As the interviews show, the acceptance of new digital systems is not a problematic issue for the participants. However, there are obstacles when learning how to handle them. Some participants were afraid to make mistakes or to fail when using the devices. Furthermore, they complained about insufficient support from their relatives. As discussed in the theoretical background, social influence does not always result in positive effects, especially when people are overwhelmed in their learning processes. To encourage these learning processes, we examined a facilitated game-playing approach. We choose a tablet for the playing sessions to lower effort expectancy as described in UTAUT2. However, as discussed in the theoretical background, when using digital devices successful task accomplishment is more important for older people than low effort [16].

Successful and fun experiences during game-playing are evident in our study, and Fig. 3 shows that the participants had successful learning experiences when playing digital games on the tablet. Furthermore, the participants reported having a lot of fun and positive feelings in the playing session, which is related to hedonic motivation according to UTAUT2. Additionally, the telephone interviews revealed that the elderly people’s usage of touchscreen-based devices had changed positively 3 months after the game-play session: 16 of the 20 participants stated that the handling of digital devices had improved since attending the study. They reported more fun and less fear when using interactive media. Furthermore, the number of elderly individuals with their own tablet or smartphone had doubled. Four participants talked about positive changes when using ticket machines. Only one of the five elderly users who did not experience any change in using interactive media was not interested in using it in the future. These results indicate that successful and fun experiences when playing games on a tablet encourage positive changes in using interactive media.

Figure 3 shows that the participants had a lot of successful experiences due to supportive activities. In cases of problems, participants preferred asking the facilitator or the partner for help instead of trying to solve a problem by themselves. This finding refers to the determinant facilitation conditions of UTAUT2. As Barnard et al. [6] explain, the “availability of support, technical and emotional, is crucial” and “also influence how people experience difficulties”. This is evident in our study. Explaining, demonstrating, instructing, or questioning encouraged progress after problems with tablet interaction. However, Fig. 3 also illustrates that not all learning experiences were positive. We observed re-occurring problems when playing the games, combined with negative and nervous attitudes in some cases. Furthermore, we could identify several incorrect support measures in the study. The facilitator seemed to not always realise which problem had occurred because of a physical distance to the learners. This distance hindered the permanent observation of the learners’ tablet interactions. Consequently, the facilitator could not always provide correct and necessary support, which could explain the missing progress.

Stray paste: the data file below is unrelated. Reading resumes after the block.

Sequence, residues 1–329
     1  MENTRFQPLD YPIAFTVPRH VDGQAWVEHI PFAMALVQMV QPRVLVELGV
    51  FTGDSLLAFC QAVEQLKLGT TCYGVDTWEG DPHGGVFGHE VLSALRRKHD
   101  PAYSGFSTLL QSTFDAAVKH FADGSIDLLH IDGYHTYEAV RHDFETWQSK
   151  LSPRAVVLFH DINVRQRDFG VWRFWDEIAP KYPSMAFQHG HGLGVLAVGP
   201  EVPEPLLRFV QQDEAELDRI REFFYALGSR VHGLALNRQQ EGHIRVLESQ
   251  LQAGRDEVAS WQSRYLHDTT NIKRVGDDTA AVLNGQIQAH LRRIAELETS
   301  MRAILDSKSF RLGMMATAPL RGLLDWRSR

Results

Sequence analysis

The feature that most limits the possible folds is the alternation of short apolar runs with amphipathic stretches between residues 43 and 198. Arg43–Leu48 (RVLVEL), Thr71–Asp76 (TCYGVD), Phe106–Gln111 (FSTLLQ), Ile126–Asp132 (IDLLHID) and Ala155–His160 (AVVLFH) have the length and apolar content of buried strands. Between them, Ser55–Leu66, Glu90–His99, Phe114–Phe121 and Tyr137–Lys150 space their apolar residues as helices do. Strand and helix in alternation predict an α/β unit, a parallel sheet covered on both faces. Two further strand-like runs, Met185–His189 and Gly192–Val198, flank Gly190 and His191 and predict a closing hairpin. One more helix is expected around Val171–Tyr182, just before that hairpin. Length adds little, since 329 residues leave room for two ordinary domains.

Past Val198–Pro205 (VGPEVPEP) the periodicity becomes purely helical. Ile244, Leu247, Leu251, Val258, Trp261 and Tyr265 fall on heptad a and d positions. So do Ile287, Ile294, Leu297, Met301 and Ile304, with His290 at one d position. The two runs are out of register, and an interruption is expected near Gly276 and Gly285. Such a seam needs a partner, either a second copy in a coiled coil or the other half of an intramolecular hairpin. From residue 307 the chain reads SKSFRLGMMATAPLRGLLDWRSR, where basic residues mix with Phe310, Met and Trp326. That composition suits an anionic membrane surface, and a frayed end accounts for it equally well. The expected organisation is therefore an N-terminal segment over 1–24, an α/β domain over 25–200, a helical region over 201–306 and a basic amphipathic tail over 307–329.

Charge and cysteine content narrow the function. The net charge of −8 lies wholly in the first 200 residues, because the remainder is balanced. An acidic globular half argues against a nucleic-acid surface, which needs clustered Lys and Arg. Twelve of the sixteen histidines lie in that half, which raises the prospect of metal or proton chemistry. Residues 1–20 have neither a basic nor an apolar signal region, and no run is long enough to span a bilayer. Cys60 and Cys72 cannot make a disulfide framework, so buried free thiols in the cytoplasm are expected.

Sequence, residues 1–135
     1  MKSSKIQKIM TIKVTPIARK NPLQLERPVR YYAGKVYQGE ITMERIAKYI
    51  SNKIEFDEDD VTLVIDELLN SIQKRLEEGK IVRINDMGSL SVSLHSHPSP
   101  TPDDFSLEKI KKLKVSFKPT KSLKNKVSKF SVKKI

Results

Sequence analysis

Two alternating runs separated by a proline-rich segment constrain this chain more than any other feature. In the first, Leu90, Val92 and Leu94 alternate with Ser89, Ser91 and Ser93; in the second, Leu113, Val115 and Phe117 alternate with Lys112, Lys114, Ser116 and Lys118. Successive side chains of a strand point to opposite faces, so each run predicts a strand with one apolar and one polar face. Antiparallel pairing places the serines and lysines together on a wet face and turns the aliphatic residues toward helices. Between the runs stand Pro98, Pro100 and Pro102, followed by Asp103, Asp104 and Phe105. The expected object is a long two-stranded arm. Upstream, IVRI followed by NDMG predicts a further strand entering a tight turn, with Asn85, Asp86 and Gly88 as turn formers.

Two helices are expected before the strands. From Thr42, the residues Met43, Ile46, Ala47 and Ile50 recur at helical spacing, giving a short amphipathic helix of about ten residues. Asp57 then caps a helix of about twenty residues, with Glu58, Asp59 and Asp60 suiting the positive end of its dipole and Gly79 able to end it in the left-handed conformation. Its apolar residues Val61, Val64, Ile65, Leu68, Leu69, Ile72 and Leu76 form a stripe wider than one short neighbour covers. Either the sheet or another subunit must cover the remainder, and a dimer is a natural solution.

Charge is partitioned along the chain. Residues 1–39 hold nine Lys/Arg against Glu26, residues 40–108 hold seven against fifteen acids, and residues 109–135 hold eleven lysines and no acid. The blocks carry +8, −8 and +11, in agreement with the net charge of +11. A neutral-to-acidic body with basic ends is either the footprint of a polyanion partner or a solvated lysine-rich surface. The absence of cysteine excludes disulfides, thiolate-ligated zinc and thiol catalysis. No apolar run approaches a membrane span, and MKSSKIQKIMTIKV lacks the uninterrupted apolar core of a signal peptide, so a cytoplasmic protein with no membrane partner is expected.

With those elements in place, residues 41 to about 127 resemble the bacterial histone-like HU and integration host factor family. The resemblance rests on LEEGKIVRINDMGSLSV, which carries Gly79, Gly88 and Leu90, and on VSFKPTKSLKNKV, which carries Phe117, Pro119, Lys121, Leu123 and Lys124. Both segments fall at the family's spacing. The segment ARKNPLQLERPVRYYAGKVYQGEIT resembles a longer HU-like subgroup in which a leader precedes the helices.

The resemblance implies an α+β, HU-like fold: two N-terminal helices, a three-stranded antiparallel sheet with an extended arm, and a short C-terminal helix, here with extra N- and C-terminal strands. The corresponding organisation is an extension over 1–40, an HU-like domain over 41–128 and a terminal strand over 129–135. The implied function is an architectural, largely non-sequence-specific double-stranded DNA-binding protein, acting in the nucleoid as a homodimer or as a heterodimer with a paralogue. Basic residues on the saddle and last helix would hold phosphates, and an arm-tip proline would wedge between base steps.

Additionally, Fig. 3 shows that the number of cases with support by a gaming partner is much lower than the number of cases with support by the facilitator. This number is remarkable, as 14 participants played in pairs and only 6 alone. Therefore, the majority of the participants had the chance to ask a partner for help. In summary, we could observe relatively more successful learning experiences when help was provided by the facilitator than by the partner. Therefore, getting help from more experienced people seems to be crucial in cases of problems. The data of the telephone interview also show that more than half of the participants have sought help from younger, more experienced relatives when using digital devices after the study.

Based on these findings, game-playing on tablets seems to be an appropriate approach for encouraging digital adoption by elderly people. The participants had fun and experienced success while playing the games, and reported improved digital skills and more frequent use of interactive media 3 months after the study. A comparison of Figs. 1 and 2 shows that the participants enjoyed playing games very much. However, the commitment to playing additional games was not so high across all of the participants. Two participants had hardly any problems while playing the games, and both revealed a desire afterwards to try out other things with the tablet (e.g. making photos or “googling”). This finding leads to the hypothesis that playing is especially helpful for complete beginners. Following successful experiences, the participants wanted to explore features of the device that could be useful in everyday life.

To ensure successful and positive experiences, adequate facilitation measures seem to be crucial. These include observation of learner actions to realise the actual cause of a problem. The data show that support through explaining, demonstrating, instruction, or questioning helps learners to make progress after a problem has occurred with tablet interaction.

6 Conclusion